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- virtual private network VPN 1024x724 - What the cell…? Telcos around the world were so severely pwned, they didn’t notice the hackers setting up VPN points –

Credits: The Register

infiltrated the networks of at least ten cellular telcos around the world, and remained hidden for years, as part of a long-running tightly targeted surveillance operation, The Register has learned. This espionage is still ongoing, it is claimed.

Cyber-spy hunters at US security firm Cybereason told El Reg on Monday the miscreants responsible for the intrusions were, judging from their malware and skills, either part of the infamous Beijing-backed hacking crew dubbed APT10 – or someone operating just like them, perhaps deliberately so.

Whoever it was, the snoops apparently spent the past two or more years inside ten-plus cellphone networks dotted around the planet. In some cases, we’re told, the hackers were able to deploy their own VPN services on the telcos’ infrastructure to gain quick, persistent, and direct access to the carriers rather than hop through compromised internal servers and workstations. These VPN services were not detected by the telcos’ IT staff.

“It is straight up brazen,” Cybereason principal security researcher Amit Serper told El Reg hours earlier. “They figured out there was a lot of lag in using hacked machines, and said: let’s install a VPN and get it over with. I don’t know if there is even [networking monitoring] coverage of those connections going in and out.”

Hundreds of gigabytes of personal information

The undetected VPN deployments underscore just how deeply the hacker crew was able to drill into the unnamed telcos and compromise pretty much everything needed to get the job done. The gang sought access to hundreds of gigabytes of records, messages, device and customer metadata, and location data on hundreds of millions of subscribers.

This was all done, we’re told, to spy on and gather the whereabouts of some 20 to 30 high-value targets – think politicians, diplomats, and foreign agents. The hackers and their masters would thus be able to figure out who their targets have talked to, where they work and stay, and so on.

Having picked up signs of intrusions earlier this year, Cybereason’s team has been investigating ever since, dubbing the cyber-attacks Operation Soft Cell. They said they found the hackers had been extremely patient in their approach, stealthily operating their spy campaigns by only acting precisely and periodically. Useful internal data would be compressed and encrypted using a passphrase prior to exfiltration via, if necessary, multiple bounce boxes.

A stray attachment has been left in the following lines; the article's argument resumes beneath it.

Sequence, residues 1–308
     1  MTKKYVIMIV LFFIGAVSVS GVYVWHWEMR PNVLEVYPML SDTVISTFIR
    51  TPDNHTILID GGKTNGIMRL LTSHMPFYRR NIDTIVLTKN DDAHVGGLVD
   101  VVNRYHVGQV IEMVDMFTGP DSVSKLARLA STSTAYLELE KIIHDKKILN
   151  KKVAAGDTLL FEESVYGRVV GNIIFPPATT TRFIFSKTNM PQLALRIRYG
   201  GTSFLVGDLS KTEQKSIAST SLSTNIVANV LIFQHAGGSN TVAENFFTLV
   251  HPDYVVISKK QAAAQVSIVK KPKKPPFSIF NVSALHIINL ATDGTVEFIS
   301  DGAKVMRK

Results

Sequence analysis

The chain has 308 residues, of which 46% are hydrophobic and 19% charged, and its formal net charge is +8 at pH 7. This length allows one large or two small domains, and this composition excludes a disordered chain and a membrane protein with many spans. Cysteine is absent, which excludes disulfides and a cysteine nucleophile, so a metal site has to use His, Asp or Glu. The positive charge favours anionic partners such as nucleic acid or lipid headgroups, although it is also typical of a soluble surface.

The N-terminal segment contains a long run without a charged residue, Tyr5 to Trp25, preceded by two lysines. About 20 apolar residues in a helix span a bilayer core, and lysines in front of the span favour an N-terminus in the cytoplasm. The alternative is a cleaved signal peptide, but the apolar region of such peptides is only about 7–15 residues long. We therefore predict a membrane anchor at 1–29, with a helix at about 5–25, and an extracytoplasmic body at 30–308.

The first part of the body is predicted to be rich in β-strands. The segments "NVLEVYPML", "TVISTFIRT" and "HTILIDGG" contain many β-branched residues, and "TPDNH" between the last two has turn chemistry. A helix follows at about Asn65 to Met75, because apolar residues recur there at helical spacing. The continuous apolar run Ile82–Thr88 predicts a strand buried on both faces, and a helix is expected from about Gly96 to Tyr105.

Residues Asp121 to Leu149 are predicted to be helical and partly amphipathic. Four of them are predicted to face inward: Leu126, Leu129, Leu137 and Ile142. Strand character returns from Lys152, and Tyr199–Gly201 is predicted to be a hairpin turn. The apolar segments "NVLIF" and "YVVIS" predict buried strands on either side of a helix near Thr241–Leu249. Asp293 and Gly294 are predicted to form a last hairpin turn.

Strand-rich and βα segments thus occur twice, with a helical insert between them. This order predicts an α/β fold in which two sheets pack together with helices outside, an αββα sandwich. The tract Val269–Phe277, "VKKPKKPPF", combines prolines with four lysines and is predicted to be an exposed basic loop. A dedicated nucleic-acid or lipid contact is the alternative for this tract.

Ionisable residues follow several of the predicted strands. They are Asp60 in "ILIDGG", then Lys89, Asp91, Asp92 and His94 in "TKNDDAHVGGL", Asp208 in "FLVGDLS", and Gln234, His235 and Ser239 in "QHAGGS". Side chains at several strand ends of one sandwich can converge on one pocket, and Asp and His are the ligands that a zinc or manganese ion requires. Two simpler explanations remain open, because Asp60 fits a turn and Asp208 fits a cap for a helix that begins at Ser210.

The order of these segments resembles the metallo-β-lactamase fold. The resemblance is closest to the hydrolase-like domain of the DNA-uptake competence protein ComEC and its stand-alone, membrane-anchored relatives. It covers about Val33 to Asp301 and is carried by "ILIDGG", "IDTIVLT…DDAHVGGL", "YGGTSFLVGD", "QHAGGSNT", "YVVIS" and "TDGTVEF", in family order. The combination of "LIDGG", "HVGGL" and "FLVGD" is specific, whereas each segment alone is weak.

Typically, Serper said, the snoops would slip through a phone network’s defenses by exploiting a known vulnerability in one of the corporation’s public-facing servers, such as a web server running IIS. From there, the crew would install a webshell – such as China Chopper, favored by the Middle Kingdom’s hackers – to execute arbitrary commands. From this foothold, the intruders would then very slowly tip-toe into other parts of the network, moving from system to system harvesting staff credentials, and using each freshly compromised machine to get into another in the telco’s Active Directory.

A modified version of Mimikatz was used to extract login details out of hijacked Windows boxes, and a NetBIOS scanner was used to find computers to attack on the local network. Backdoors, such as the PoisonIvy remote-access tool, would be installed on systems to remotely control them and steal information.

To cover their tracks, the hackers would have long periods of inactivity.

“They come in, they do something, and they disappear for one to three months,” said Serper. “Then they come in again, disappear, and so forth.”

Such lulls in activity are not unprecedented, particularly when it comes to hacking groups from China. Espionage campaigns by the Middle Kingdom’s APT groups will sometimes be put on ice for years in between flurries of activity.

The thought of hackers sitting on a network undetected for years at a time with their own private tunnel into the most sensitive silos of company data should be enough to send any infosec pro through the roof, though Cybereason cautioned against being too hard on the compromised telcos – said to be based across the world, from Europe and Africa to Asia and the Middle East, though outside North America. More operators pwned by this particular gang may be discovered, bear in mind. Cybereason said it has alerted those that it knows have been broken into.

Even if the telcos had spotted the intrusions, keeping out a determined and methodical hacking operation with the resources of the Chinese government, or similar, would be a tall order for many cellular operators.

“They [the intruders] have very talented people, and a lot of people, and time to do whatever they need to do,” Cybereason’s security practices veep Mor Levi told us. “That is versus a company that even, if their security team had 50 people, it is not something you can prepare against: it is David and Goliath.”

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